New Hampshire GOP’s ‘Personhood’ Stance Complicates Scott Brown’s Senate Bid

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New Hampshire GOP’s ‘Personhood’ Stance Complicates Scott Brown’s Senate Bid

Nina Liss-Schultz

New Hampshire U.S. Senate candidate Scott Brown worked to distance himself from a hardline “personhood” position this week, putting him at odds with the state’s Republican Party and positions he has taken in his political past.

New Hampshire U.S. Senate candidate Scott Brown worked to distance himself from a hardline “personhood” position this week, putting him at odds with the state’s Republican Party and positions he has taken in his political past.

At its convention last week, the Granite State’s Republican Party redefined its stance on abortion, making it more conservative, according to the New Hampshire Journal. The party’s new platform, which will be adopted for the next election cycle, now reads:

Support the pre-born child’s fundamental right to life and personhood under the Fourteenth Amendment, and implement all Constitutional and legal protections.

The current platform, outlined on the party’s website, says:

Sex. Abortion. Parenthood. Power.

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We believe that life is sacred, from conception to natural death.

New Hampshire Sen. Jeanne Shaheen, a Democrat who is up four points in the polls in her contest with Brown, was quick to criticize both Brown and the state’s GOP for its position.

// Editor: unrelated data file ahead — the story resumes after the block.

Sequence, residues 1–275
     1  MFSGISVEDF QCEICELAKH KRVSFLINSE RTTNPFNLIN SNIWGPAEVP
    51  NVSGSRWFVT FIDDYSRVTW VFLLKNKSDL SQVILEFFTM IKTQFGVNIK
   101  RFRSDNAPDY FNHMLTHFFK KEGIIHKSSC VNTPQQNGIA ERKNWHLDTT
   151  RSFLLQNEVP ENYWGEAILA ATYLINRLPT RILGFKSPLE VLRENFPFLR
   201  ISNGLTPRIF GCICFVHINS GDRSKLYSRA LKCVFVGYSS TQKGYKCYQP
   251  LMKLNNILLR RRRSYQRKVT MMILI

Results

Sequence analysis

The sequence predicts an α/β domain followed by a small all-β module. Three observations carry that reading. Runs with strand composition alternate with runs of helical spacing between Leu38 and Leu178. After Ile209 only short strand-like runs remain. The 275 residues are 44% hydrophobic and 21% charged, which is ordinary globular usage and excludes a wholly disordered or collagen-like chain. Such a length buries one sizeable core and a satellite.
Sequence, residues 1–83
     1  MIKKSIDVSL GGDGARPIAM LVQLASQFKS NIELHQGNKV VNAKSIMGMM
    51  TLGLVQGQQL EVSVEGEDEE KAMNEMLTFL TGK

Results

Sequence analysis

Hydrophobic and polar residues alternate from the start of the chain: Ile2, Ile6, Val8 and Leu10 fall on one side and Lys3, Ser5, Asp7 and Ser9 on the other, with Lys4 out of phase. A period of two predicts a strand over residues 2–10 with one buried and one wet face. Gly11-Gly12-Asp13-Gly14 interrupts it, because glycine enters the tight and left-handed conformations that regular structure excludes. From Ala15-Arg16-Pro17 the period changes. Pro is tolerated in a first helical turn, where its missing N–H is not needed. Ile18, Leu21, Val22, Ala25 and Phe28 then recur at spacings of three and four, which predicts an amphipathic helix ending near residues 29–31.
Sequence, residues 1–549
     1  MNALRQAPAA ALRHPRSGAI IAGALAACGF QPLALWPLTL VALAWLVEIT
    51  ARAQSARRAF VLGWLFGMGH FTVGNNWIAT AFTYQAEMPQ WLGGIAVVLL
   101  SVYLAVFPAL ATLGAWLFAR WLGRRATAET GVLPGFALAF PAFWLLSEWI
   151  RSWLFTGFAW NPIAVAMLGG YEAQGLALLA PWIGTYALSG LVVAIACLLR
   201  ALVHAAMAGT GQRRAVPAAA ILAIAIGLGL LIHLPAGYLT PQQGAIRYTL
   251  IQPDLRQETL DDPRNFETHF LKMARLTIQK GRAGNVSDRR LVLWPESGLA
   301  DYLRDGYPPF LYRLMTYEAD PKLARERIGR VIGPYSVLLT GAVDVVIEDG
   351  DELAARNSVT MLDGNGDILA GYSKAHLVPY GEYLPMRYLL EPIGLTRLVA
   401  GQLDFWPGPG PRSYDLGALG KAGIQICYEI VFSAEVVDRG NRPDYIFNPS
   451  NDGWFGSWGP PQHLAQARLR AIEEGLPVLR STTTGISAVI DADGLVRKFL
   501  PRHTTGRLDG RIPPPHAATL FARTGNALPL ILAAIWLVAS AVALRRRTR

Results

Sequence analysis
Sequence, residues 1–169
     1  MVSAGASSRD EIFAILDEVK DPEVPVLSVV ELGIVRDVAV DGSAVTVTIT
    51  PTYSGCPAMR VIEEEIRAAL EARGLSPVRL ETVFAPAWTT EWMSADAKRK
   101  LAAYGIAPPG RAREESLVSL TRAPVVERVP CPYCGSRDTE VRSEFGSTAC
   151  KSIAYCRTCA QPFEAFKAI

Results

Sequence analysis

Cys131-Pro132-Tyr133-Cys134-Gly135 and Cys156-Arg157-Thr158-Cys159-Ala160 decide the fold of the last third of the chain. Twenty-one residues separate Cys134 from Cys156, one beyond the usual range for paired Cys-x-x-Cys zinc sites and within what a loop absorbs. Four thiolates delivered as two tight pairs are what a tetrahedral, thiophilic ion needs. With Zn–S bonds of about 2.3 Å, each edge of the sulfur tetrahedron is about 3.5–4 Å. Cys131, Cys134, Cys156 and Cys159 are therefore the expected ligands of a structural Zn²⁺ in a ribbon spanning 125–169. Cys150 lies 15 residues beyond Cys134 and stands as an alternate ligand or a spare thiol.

“The message from Scott Brown and his Republican Party is disturbing, alarming and clear,” Shaheen said in a statement. “They are dangerously wrong, and by signing on with Tea Party extremists, they’re showing just how irresponsibly out of touch they are with the needs and rights of women.”

But Brown backed away from the party’s position. A campaign aide said that Brown, who was unseated as a U.S. senator from Massachusetts in 2012, “is pro-choice and will protect a woman’s right to choose.”

Brown’s campaign has hit back against critics who tie him to the New Hampshire Republican Party’s hardline stance on abortion, or his record of co-sponsoring legislation that would restrict a woman’s access to abortion care. In an interview with a local reporter this week, when he was asked about a 24-hour waiting period bill he co-sponsored, called the “Women’s Right to Know Act,” Brown said that he wasn’t “familiar with the specific bill that you’re referring to.

When the reporter rephrased the question, Brown repeated that he wasn’t familiar with the legislation.

Brown is not the only Republican candidate trying to distance themselves from anti-choice positions. Cory Gardner, who is running for U.S. Senate in Colorado, said earlier this year that he no longer supports “personhood” legislation. Gardner has since advocated for over-the-counter access to birth control, a position that women’s rights advocates are wary of.